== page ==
Living with Celiac Disease (CD) or gluten intolerance can be very challenging. Not only do you have to scrutinize every food label for hidden sources of gluten you also need to be careful when dining out due to the high risk of cross contamination.
Unfortunately with CD, one may experience other health related side effects as well. Often these can be attributed to an intestinal condition known as “Leaky Gut Syndrome”.
Leaky Gut syndrome
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It used to describe a condition of increased intestinal permeability and occurs when there is damage to the gut lining and a disruption of the tight junctions that line the intestinal tract.
When these tight junctions are disrupted, toxic particles can leak out into the bloodstream and cause an immune response.
When this occurs repeatedly it becomes a vicious cycle and causes inflammation of the intestinal lining. The substances that leak out include toxins, large particles of food and also bacteria and yeast.
Dr. Alessio Fasano, head of the Center of Celiac Research at Massachusetts General Hospital for Children in Boston has made further discoveries related to these tight junctions and “Leaky Gut Syndrome” – a very important one being Zonulin.
A protein that controls the tight junctions between the intestinal wall cells in the GI tract.
According to Fasano, “Zonulin is the only physiologic modulator of intercellular tight junctions described so far that is involved in trafficking of macromolecules and, therefore, in tolerance/immune response balance.”
When there is a dysregulation in the Zonulin pathway in genetically predisposed individuals, autoimmune disorders can occur like CD.
So what is the relationship between
In fact it may be beneficial for anyone with autoimmune disease to avoid gliadin for this reason.
There are other factors that can affect intestinal permeability. They include history of antibiotics and steroids, alcohol, stress that can affect intestinal flora, diet like excessive sugar intake and food allergies, sensitivities and intolerances.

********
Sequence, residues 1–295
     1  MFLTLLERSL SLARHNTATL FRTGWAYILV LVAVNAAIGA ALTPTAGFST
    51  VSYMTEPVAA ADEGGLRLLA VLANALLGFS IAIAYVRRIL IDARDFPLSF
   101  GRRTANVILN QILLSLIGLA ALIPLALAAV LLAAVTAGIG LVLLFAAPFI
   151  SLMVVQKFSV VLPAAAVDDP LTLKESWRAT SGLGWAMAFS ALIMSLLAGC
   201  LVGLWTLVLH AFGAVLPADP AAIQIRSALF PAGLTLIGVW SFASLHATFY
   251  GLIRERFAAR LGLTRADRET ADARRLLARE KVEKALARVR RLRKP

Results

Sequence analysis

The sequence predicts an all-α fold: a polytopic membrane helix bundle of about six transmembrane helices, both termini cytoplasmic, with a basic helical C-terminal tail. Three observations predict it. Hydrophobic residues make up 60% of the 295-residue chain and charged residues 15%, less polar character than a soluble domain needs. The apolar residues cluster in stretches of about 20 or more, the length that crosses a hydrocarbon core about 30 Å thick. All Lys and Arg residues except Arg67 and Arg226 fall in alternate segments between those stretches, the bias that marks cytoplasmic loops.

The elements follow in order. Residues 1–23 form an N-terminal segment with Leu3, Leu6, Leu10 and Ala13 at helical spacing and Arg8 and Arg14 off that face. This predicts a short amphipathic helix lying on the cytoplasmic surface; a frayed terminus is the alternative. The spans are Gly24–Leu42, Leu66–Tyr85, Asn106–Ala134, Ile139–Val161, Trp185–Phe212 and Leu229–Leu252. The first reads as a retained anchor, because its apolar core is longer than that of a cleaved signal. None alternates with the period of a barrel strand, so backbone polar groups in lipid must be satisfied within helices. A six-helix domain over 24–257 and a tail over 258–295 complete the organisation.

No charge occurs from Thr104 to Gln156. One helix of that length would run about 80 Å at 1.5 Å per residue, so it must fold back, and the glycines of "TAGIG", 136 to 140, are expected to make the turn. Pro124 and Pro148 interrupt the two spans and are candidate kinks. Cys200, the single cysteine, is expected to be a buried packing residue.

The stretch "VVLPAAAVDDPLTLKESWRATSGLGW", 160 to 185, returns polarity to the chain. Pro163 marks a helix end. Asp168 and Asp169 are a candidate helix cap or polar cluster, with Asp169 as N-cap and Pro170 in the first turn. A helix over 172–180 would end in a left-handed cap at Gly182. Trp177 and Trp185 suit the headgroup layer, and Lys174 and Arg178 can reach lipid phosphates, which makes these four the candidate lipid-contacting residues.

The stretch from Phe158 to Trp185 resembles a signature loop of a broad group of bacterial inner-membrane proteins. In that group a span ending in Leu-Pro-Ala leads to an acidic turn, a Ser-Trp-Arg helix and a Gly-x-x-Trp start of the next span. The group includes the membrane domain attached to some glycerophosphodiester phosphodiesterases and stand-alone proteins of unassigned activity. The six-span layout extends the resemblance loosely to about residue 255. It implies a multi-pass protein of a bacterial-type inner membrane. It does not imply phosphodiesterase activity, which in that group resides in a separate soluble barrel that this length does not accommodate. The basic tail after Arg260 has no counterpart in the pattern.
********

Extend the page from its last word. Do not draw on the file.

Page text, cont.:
Food sensitivities and intolerances
Many individuals with CD/gluten intolerance and Leaky Gut Syndrome complain of food sensitivities and intolerances.
The symptoms they can experience include: headaches, joint and muscle pain, diarrhea, heartburn, fatigue, skin issues and even anxiety and depression.
Food sensitivities seem to be a common problem with individuals with CD because of damage to the gut lining caused by the disease and/or the leaky gut. Unfortunately, those with gluten issues seem to be predisposed to food sensitivities.
Food sensitivities are different to food allergies in that they are a delayed hypersensitivity reaction.
They can also be dose-dependent. However, like an allergy, a sensitivity is an immune response in which cell mediators like histamine and prostaglandins are released.
It’s these immune reactions that contribute to the unwanted symptoms.
Manage your food sensitivities
It is important to identify the foods and chemicals someone with CD/gluten intolerance is sensitive to.
This can help eliminate the immune responses, heal the gastrointestinal tract, and improve health and well being.
Mediator Release Testing or MRT is a blood test for food sensitivities.
MRT reliably accounts for Type 3 and Type 4 immune mediated hypersensitivity reactions which tests not only reactions to foods but food-chemicals as well.
MRT tests for 120 foods and 30 chemicals and once reactive items have been identified and eliminated along with consuming the least reactive foods and chemicals individuals quickly find relief.
In particular, IBS and headache symptoms often resolve in one to two weeks. The dietary management program that goes along with the testing is known as Lifestyle Eating and Performance (LEAP).
Connect with Expert Angela Moore.